There are more than 15 million cancer survivors in the US and the numbers are steadily growing. Increasing numbers of cancer survivors continue to work. Cancer impacts employees, employers, co-workers, and families, requiring us to consider strategies to help both the individual and the organization address direct and indirect consequences. Join this webinar to learn how to assess what your organization is currently doing to support employees with cancer and about evidence-based strategies to support the health and well-being of these individuals and their families.
Automation in transportation can greatly reduce crashes and the resulting injuries and fatalities. However, this does not come without some cost (i.e. the failure to notice unexpected events). It has been known for some time that as the level of automation increases, system failures, become increasingly serious (the taller the lumberjack, the harder the fall). This has been attributed to the decreases in situation awareness that come with the increases in levels of automation. This talk will focus on the benefits and disbenefits that occurs increasing levels of automation, with an emphasis on the effects of fatigue.
Mental Health is a Priority during
National Farm Safety & Health Week
Agriculture remains one of the deadliest U.S. occupations, with fatality rates higher than mining and construction. The National Farm Safety & Health Week, the third week of every September, brings national attention to the importance of agriculture and promotes the health and safety of farmers and their families.
This year, National Farm Safety & Health week will include a focus on mental health. The mental health of farmers is just as important as the more commonly known hazards, like tractor rollovers, PTO shaft entanglements, and grain entrapments. Research from the Centers for Disease Control and Prevention (CDC) and the University of Iowa has shown that agricultural workers take their own lives at a rate higher than other occupations. “The stressors associated with farming— especially during peak harvest season—can really take their toll on farm families,” said Dr. Kanika Arora, an evaluator at the University of Iowa College of Public Health. “This year, we interviewed more than 300 farmers in Iowa, Missouri and Ohio, to identify mental stressors on the farm. Topics like uncertain weather, decreasing grain prices combined with high input costs, and aging were mentioned by many.”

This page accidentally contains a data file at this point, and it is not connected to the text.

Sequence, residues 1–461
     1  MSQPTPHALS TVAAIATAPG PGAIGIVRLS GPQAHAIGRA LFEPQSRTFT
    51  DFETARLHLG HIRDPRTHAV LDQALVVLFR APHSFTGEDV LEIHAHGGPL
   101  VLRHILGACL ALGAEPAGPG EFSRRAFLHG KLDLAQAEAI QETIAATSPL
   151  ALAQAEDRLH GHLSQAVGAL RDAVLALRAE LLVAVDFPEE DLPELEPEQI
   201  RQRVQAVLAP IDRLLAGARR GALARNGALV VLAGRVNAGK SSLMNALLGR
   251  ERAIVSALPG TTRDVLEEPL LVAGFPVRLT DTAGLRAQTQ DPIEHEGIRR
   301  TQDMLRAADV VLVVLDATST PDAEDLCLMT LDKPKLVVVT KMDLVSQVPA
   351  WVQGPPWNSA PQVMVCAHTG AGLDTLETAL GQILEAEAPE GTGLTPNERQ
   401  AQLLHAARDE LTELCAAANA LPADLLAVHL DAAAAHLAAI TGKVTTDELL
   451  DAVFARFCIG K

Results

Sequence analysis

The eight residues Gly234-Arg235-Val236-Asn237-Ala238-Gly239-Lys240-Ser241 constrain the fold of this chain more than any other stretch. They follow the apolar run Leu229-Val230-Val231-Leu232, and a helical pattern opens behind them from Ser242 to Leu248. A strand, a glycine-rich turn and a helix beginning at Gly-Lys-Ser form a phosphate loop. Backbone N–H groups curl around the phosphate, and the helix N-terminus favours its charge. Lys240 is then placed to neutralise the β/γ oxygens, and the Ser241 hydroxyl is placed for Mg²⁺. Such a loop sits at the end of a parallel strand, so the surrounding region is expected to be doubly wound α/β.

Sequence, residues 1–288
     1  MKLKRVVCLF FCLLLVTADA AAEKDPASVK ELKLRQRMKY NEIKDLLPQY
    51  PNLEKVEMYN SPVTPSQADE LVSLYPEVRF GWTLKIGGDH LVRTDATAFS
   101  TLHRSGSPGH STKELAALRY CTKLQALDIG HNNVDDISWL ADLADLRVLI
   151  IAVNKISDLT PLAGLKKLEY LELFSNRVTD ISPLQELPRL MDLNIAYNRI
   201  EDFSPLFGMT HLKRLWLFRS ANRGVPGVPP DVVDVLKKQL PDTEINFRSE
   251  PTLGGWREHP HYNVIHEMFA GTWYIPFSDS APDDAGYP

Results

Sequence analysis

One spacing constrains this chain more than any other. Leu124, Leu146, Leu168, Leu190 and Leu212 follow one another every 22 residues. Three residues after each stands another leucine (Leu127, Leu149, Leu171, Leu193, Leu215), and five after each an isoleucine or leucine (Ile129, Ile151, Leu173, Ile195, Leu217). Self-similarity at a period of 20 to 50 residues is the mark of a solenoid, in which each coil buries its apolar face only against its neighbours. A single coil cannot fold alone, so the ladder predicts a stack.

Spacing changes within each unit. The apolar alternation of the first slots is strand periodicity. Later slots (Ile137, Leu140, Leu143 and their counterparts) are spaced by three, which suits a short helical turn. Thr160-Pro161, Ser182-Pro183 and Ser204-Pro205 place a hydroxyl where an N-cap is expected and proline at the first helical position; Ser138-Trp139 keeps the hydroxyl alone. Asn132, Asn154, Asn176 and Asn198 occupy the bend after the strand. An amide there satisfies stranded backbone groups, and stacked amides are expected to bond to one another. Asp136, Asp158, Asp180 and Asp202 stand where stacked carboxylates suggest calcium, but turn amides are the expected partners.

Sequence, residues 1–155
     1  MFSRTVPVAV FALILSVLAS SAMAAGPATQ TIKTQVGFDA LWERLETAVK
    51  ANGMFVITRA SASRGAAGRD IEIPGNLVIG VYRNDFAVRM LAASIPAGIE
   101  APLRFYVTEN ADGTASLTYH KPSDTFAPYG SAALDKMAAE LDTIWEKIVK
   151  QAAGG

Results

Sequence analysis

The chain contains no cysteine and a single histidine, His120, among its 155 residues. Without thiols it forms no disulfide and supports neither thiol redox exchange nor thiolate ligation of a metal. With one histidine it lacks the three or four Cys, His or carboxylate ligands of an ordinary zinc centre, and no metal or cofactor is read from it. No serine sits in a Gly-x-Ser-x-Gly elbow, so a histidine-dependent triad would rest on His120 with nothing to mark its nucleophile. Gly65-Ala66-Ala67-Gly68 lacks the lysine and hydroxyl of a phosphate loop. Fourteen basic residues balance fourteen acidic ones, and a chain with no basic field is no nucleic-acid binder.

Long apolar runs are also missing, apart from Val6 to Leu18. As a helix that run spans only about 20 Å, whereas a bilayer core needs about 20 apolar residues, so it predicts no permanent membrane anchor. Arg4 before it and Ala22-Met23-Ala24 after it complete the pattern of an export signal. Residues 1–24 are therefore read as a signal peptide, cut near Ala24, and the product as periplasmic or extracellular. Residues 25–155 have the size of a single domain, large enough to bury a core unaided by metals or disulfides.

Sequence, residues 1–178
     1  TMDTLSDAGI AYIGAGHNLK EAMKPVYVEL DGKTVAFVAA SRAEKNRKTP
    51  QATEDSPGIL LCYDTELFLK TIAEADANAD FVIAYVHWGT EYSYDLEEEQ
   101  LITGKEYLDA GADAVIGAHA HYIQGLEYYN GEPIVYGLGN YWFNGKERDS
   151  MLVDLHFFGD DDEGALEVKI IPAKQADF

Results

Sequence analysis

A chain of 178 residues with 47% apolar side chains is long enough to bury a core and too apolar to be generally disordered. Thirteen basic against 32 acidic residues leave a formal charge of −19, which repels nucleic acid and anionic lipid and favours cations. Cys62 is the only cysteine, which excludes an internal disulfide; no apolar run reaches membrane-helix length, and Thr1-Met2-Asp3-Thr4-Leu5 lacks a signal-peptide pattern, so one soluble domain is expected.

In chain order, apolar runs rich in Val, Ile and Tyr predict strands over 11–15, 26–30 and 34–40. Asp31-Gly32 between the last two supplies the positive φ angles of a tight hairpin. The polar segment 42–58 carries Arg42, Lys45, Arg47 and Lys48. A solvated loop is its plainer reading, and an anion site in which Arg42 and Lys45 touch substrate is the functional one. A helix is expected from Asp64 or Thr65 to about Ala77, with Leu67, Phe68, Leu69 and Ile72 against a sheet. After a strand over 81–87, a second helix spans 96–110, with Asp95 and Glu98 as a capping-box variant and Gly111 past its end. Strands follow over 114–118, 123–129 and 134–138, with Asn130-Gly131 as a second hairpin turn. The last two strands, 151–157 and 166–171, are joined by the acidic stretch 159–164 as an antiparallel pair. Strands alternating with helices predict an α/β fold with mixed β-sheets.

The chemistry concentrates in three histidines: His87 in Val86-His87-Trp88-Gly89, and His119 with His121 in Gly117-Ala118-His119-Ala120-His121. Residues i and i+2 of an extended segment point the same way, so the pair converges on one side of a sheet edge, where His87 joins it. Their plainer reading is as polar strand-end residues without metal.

This fall, the Great Plains Center for Agricultural Health is again participating in the national efforts to provide prevention and protection resources to farmers, including information about mental health. The theme of the week is “Cultivating the Seeds of Safety,” and each day focuses on an important risk farmers face.
The schedule of topics is:
Monday, September 17 – Rural Roadway Safety
Tuesday, September 18 – Health, Suicide Prevention, and Opioid Risks
Wednesday, September 19 – Youth Health and Safety
Thursday, September 20 – Confined Spaces in Agriculture
The Hawkeye on Safety annual conference provides life-saving health and safety information to Iowa workers from all industries, with a particular emphasis on facilities management and the building trades. Like other conferences, we provide essential training to the managers responsible for workplace health and safety. But we also have a unique focus on providing practical training to rank-and-file workers, so that they can become safety leaders in their workplaces and communities.
The Healthier Workforce Center of the Midwest (HWCMW) is one of six Total Worker Health® Centers of Excellence funded by the National Institute for Occupational Safety and Health (NIOSH). Our mission is to improve the health of workers in Iowa, Missouri, Nebraska and Kansas, as well as nationally, through integrated health promotion and health protection research, collaboration, and dissemination of successful interventions.